Orthopedic Surgeon Convicted in Tax Fraud Scheme
A federal jury has convicted James Rice, M.D., a North Carolina orthopedic surgeon, and his wife, Susan Rice, in an employment and income tax scheme.
Since 1992, Dr. Rice has owned and operated a Pinehurst, North Carolina-based medical practice. Over the years the practice has changed its name while continuing to operate with the same employees from the same location. Dr. Rice operated the practice (referred to as “Sandhills Orthopaedic”) under the following names: Sandhills Orthopaedic and Spine Clinic, PA; Sandhills Orthopaedic and Spine Holdings, PLLC; and Orthopaedic Care, LLC.
Dr. Rice’s wife oversaw administrative operations of Sandhills Orthopaedic. She also owned and operated a truffle business.
From 2013 through 2016, the couple withheld at least $580,000 in tax withholdings from Sandhills Orthopaedic’s employees’ wages. Instead of using the withheld funds to pay taxes, the couple used the funds for other personal expenditures.
During that same time, according to court documents, the couple attempted to conceal income by transferring at least $990,000 in funds from Sandhills Orthopaedic's bank accounts into their personal bank accounts. The couple used these funds for their own purposes, including funding the truffle business. The couple also used these funds for personal expenditures including dog kennel boarding, a spiritual advisor, a country club membership, and rent at their personal residence.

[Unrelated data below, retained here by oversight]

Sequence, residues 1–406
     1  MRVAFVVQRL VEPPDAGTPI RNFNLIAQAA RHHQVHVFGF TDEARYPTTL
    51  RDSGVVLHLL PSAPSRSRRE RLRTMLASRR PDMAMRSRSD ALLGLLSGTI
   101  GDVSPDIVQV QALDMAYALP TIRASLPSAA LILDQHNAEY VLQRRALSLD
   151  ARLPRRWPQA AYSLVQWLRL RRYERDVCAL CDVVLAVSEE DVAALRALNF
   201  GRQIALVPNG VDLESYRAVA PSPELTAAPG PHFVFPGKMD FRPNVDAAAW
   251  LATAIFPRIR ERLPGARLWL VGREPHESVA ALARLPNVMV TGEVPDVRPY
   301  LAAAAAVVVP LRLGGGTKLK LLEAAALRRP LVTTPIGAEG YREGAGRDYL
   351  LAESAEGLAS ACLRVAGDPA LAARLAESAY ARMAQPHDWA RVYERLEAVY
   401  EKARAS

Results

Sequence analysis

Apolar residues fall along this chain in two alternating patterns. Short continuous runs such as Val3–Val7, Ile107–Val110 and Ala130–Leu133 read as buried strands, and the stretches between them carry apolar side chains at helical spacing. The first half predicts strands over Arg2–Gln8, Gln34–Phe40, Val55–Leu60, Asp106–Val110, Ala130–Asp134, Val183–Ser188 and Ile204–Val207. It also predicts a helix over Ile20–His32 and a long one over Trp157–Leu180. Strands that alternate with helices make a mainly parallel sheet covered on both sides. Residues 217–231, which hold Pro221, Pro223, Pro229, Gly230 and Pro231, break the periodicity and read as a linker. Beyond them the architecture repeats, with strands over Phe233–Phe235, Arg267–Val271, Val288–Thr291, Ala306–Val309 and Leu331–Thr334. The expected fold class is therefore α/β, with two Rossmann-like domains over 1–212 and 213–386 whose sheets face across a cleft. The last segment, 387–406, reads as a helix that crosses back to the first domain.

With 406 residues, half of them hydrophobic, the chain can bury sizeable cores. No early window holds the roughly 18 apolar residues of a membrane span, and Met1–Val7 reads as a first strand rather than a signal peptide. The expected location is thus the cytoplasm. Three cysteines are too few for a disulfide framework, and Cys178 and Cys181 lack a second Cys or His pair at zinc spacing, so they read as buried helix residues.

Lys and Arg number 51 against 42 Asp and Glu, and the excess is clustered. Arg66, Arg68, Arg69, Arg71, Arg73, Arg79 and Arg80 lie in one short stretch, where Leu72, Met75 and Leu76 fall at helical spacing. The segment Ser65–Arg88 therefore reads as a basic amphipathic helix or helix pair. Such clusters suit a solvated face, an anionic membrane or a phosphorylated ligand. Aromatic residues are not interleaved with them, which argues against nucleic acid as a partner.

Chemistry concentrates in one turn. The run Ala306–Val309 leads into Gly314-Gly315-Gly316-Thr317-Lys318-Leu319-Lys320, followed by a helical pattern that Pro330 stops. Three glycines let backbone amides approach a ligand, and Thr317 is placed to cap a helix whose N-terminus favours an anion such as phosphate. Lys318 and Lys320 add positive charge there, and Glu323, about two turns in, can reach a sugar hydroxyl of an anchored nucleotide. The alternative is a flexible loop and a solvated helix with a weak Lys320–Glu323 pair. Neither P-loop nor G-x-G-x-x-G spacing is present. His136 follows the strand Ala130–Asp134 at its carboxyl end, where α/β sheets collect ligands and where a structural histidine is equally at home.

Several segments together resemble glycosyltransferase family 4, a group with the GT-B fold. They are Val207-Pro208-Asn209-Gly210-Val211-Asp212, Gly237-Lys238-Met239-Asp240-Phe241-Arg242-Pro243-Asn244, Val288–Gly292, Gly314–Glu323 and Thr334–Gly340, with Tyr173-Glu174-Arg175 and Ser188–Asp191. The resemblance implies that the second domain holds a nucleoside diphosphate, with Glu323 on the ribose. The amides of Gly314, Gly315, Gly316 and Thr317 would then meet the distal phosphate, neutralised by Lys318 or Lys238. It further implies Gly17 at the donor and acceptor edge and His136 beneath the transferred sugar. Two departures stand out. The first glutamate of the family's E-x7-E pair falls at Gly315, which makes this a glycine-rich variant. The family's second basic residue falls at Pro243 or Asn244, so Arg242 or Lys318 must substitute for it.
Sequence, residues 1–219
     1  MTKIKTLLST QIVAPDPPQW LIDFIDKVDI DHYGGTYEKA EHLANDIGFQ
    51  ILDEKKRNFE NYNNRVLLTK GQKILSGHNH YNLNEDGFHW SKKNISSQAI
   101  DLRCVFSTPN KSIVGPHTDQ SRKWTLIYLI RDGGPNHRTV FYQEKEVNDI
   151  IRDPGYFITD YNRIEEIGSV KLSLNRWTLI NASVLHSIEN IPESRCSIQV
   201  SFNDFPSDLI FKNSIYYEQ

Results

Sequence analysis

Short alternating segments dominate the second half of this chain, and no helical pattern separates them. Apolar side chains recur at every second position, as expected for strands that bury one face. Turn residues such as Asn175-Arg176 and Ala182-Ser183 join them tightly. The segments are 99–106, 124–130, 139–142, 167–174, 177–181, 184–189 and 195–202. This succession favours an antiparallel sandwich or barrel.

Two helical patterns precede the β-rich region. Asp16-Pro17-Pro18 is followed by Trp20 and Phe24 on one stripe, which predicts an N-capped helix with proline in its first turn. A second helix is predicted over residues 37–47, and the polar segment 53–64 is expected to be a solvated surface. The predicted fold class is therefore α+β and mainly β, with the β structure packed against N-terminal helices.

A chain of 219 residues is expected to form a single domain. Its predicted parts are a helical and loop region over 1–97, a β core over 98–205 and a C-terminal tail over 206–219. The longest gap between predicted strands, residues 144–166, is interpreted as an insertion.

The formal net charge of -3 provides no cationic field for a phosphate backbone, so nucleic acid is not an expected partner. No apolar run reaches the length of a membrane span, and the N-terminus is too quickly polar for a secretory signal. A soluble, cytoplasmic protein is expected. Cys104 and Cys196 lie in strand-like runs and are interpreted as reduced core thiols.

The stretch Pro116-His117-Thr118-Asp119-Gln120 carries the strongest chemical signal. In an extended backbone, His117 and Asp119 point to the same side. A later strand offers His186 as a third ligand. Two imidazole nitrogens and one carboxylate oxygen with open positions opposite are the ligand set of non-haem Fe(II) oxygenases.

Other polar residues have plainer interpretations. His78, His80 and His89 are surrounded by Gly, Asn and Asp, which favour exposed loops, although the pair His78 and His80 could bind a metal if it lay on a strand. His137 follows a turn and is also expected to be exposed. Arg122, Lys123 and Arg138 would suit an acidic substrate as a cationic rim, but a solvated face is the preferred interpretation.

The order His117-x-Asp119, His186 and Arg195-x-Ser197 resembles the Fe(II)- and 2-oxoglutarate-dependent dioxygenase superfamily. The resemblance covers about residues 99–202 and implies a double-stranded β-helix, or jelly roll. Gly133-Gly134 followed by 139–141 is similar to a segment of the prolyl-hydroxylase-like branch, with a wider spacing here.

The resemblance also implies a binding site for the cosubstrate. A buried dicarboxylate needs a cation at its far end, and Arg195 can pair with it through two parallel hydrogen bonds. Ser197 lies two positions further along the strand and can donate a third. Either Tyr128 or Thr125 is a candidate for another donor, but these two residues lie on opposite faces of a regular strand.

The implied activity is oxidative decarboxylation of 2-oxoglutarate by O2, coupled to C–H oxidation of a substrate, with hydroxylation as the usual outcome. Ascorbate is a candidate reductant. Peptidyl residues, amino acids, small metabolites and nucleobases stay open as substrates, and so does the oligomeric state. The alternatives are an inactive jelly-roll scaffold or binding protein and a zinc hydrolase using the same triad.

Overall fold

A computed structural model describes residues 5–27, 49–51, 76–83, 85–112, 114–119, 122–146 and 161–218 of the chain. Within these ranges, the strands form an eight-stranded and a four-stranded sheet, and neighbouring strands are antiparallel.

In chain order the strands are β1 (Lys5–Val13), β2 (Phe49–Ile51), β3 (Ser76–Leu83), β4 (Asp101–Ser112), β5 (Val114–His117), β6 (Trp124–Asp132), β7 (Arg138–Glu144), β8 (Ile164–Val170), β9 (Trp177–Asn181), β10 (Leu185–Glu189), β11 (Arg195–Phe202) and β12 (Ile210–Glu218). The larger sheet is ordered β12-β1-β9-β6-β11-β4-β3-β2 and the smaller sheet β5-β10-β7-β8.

Per court documents, the couple failed to file and pay individual taxes for several years. Dr. Rice also failed to make income tax returns for the corporation.
A jury found Dr. Rice and his wife guilty of the following: conspiracy to defraud the United States; tax evasion; failure to pay trust fund taxes third quarter 2014; failure to pay trust fund taxes fourth quarter 2014; failure to file personal tax return for 2014; failure to file personal tax return for 2015; and failure to file personal tax return for 2016. The jury also found Dr. Rice guilty of failure to file corporate tax return for 2014, 2015, and 2016.
The couple will be sentenced at a later date. For each count of conspiracy, tax evasion, and employment tax fraud the Rices could face a statutory maximum of five years in prison. For each count of failing to file personal and corporate tax returns the Rices could face an additional year in prison.